In the continued political conflict over health reform – now centered on whether states will set up their own insurance markets, to be known as exchanges – it is easy to lose focus on whether health reform is actually working. We have, however, some very interesting early indications on that score. Some are positive, others are negative. Neither, though, fit easily into the talking points of either side in the political debate.
There are some positive early indications that the Affordable Care Act, in part through reinforcing trends already occurring within the market, is likely to control healthcare costs somewhat, at least in the short term. One thing that masks this for the casual observer is that most people understandably think of affordability through the prism of premiums. These premiums have continued to rise, in some cases dramatically, for many consumers, and, come January 1, 2014, they will be much higher, in particular for younger more affluent people who have been purchasing insurance with relatively thin benefit packages.
Premiums, however, are what economists might call a “trailing indicator” of healthcare affordability. Over time, the price that we pay for healthcare is a direct function of the cost of that care itself, such as the salaries of doctors and nurses and the price of pharmaceuticals. To the extent that we are making the health system more efficient, particularly at higher cost facilities, premiums will come down.
There is good news on this score. Relatively higher cost systems – such as Sutter Health and the academic medical centers in the state – have been taking dramatic measures to bring down the cost of their care, cutting hundreds of millions of dollars from their operating expenses through streamlining administration and engaging in efforts to improve the quality of care, particularly for end-of-life patients. This trend is driven not only by specific provisions such as the penalties for hospital systems with high rates of readmissions but also through the need for them to be included in the networks that will compete in a more transparent fashion on the Exchange.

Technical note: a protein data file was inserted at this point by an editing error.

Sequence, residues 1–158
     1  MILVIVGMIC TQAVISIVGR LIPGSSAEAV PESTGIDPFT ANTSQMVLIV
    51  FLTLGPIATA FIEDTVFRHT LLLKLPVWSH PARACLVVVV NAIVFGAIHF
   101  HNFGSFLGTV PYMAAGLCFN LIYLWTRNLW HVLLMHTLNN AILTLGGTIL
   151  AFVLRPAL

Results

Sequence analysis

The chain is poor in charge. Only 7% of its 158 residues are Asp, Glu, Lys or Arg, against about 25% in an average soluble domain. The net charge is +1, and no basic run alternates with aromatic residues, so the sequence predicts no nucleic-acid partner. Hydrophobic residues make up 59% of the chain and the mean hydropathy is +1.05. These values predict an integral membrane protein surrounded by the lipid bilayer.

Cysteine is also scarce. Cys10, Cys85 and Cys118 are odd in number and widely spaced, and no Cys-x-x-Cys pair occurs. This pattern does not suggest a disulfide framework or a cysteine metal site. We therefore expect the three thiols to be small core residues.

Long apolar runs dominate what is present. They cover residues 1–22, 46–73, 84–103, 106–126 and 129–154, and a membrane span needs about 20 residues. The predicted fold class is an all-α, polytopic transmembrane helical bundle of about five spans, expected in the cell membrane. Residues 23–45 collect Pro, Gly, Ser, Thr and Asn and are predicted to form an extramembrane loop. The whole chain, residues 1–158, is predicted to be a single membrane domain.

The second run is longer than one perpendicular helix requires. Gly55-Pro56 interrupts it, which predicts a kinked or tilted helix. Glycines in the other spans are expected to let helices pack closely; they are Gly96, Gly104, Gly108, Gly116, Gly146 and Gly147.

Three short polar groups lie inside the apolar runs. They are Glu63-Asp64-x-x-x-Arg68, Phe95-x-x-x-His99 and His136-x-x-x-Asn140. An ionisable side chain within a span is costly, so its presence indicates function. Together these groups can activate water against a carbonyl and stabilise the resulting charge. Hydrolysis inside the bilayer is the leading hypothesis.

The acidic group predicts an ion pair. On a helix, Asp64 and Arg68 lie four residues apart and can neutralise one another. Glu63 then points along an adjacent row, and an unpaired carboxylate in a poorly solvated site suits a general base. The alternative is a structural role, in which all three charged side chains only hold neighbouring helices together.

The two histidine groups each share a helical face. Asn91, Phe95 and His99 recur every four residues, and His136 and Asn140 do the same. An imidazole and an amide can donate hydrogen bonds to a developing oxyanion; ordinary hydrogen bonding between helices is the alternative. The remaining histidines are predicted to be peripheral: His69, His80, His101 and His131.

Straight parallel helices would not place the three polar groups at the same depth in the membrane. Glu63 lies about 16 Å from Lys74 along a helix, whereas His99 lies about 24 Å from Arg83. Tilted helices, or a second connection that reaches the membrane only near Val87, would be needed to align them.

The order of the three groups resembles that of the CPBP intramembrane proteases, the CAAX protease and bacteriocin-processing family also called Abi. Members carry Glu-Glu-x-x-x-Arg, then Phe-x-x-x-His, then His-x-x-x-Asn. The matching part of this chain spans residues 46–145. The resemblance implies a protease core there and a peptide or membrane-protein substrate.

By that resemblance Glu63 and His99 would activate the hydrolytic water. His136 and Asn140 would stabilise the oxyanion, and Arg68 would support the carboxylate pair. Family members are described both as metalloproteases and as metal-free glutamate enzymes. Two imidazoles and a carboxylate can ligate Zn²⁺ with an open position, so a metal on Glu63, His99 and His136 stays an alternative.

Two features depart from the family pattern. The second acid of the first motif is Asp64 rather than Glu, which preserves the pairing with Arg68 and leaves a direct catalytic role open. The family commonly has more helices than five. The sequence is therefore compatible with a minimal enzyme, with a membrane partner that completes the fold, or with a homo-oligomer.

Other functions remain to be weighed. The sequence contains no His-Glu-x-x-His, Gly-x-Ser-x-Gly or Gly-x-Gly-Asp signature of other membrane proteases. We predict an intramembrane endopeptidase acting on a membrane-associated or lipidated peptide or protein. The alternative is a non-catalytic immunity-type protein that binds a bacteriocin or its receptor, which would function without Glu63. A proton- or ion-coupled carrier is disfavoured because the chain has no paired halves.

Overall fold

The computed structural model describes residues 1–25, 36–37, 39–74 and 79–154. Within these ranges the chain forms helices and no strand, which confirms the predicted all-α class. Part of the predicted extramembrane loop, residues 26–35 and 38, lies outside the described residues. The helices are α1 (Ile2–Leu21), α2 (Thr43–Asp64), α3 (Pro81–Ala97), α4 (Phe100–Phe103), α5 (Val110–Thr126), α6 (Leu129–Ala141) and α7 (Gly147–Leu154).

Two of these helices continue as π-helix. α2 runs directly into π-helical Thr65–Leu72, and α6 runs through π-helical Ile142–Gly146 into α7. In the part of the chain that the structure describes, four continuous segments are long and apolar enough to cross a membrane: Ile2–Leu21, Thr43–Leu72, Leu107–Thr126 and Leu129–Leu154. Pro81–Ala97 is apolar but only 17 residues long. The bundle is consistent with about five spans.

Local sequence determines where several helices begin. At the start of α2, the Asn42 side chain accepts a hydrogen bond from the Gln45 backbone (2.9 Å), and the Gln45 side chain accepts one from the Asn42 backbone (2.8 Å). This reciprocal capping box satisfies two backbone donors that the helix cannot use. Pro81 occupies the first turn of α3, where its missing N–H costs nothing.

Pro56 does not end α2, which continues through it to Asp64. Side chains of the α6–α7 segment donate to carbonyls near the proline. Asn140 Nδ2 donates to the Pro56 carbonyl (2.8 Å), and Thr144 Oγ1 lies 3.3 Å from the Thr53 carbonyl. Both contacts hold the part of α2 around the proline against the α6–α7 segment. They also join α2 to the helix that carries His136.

The negotiations currently occurring between insurers and providers for many of the policies that may be offered through the California Exchange, though, create some cause for concern. Many of the products that are being designed and developed are built on a chassis of low unit reimbursement fee-for-service. This would double down on the worst incentives that exist in the market, a set of incentives that the advocates for health reform claim to want to relegate to the benighted past. Low reimbursements to doctors and other providers tend to drive higher volume, which is the exact opposite of what we want to encourage.
To a certain extent this is unavoidable given the structure of the federal law. Everything from the relatively high consumer cost-sharing in Exchange products to the creation systems that are based on the extensive cataloging of patient encounter data makes it very challenging for the best of the California delivery system, such as our capitated, delegated medical groups, to participate in Exchange products. Consumer cost-sharing, if well-designed, can work in concert with the effective management of care. But that’s a very tall order, particularly when the product designs for the exchange are being put together on an insanely aggressive timeline.
The hunt for short-term affordability also means that many of the providers included in these narrow networks may be ill-equipped to manage complex chronic diseases that require complex specialty care. The vast majority of health system costs are the result of chronic disease. We have much more to do as a state to integrate the safety net better into the broader health system. Unless and until this occurs, we may be able to squeeze some short-term savings out of selecting lower-cost providers for these networks. These providers, though, will be wrestling with many different challenges, including the Medicaid expansion, caring for people who are still uninsured, and changes to their reimbursement models. Hence they will have real challenges providing the complex care management for the highest-need patients.
Overall, the trajectory that we were on before health reform was entirely unsustainable, and the passage of the Affordable Care Act was essential. As we implement the law, though, we have to turn off all of the political noise, both the criticism and the boosterism, to make real-time adjustments to the process going forward. Perhaps the most important adjustment that we need to make in California is to continue to look for opportunities to design health reform in such a way that we build on the highest-functioning elements of our health system rather than sliding backward into a world of low fee-for-service reimbursements that will encourage less efficient and effective care.
Micah Weinberg is a Senior Fellow at the Bay Area Council Economic Institute.